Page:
An All-Saints Kind of Gratitude

I look back through Novemember’s
just-hanging-on leaves, the negative space
of our promises to drive through Malabar’s
winding road, taking in October’s blasts of color.
The weeks have whipped by, the leaves ignoring my
requests to stay, to never fall away, and my melancholy
drips bitter without the sweet.

Then I see our love’s first fruits hanging
on you, lying on you like so many apples,
our children’s morning sweetness, their bodies’
hard softness, wild hair, pokey elbows,
squishy bellies and meaty feet.  They grow
unconditionally from our branches, buds,
and blossoms.  They grow their own stems and leaves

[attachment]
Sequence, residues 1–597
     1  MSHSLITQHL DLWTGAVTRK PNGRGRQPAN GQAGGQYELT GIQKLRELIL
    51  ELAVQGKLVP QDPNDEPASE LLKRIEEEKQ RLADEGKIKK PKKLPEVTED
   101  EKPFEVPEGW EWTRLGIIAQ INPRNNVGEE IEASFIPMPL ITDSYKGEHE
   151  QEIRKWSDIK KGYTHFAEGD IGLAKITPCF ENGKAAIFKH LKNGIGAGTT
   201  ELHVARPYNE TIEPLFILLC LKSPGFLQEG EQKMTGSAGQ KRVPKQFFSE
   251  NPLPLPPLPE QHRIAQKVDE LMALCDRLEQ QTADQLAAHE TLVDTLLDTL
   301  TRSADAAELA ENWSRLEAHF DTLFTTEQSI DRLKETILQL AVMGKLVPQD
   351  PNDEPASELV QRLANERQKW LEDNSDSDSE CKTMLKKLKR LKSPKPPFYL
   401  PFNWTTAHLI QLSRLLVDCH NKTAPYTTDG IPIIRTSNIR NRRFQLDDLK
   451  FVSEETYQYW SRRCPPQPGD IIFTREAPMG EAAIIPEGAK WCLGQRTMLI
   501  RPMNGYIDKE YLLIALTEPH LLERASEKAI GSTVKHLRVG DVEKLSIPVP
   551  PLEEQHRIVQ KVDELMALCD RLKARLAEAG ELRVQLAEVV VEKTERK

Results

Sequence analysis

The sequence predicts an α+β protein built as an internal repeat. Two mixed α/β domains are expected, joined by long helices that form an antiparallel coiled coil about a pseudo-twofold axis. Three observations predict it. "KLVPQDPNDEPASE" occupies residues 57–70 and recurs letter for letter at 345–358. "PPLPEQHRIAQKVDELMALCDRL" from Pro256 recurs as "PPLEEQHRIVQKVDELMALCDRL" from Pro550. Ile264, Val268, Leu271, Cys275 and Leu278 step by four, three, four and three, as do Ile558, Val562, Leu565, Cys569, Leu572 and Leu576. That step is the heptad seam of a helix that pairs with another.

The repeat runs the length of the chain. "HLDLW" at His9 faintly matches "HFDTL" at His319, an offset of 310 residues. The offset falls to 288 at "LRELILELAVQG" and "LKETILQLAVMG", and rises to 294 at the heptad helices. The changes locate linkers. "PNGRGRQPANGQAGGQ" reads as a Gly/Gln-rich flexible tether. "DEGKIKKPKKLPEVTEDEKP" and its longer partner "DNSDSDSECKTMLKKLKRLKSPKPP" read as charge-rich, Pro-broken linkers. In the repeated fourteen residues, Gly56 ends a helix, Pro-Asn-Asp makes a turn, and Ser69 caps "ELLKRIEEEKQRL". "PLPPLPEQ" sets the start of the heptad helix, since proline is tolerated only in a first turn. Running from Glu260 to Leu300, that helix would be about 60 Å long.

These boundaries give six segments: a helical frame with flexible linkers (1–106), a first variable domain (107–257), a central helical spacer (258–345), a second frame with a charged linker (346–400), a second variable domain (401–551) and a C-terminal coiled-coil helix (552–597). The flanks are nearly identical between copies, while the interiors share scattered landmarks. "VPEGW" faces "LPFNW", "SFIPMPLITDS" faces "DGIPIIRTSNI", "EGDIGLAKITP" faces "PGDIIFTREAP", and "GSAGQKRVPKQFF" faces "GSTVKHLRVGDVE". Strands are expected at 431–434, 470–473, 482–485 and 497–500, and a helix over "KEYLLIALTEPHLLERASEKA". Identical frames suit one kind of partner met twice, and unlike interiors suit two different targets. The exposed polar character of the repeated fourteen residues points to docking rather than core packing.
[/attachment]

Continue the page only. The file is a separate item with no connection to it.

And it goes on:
and seeds and develop their own autumn flavors.

We drop away when we are ripe

thankful for what we are

what we have

and what we miss.

Suffer the Ache, Sweet Babies

When earth finally moves again
and soil gives up after soaking rain,
we watch seeds pods crack open,
spindly white stems humbly folded,
their heads still buried in dirt.

I marvel at miracles,
little babes surrounding me
like folds of skirts, hugging my legs
and screaming all sorts of nonsense
because they are tired and hungry.

I watch them now, their heads bent low,
their stems spindly and white, and I
wonder how much rain it will take to soften
their earth, if they will keep their heads buried
or suffer the ache of reaching upward.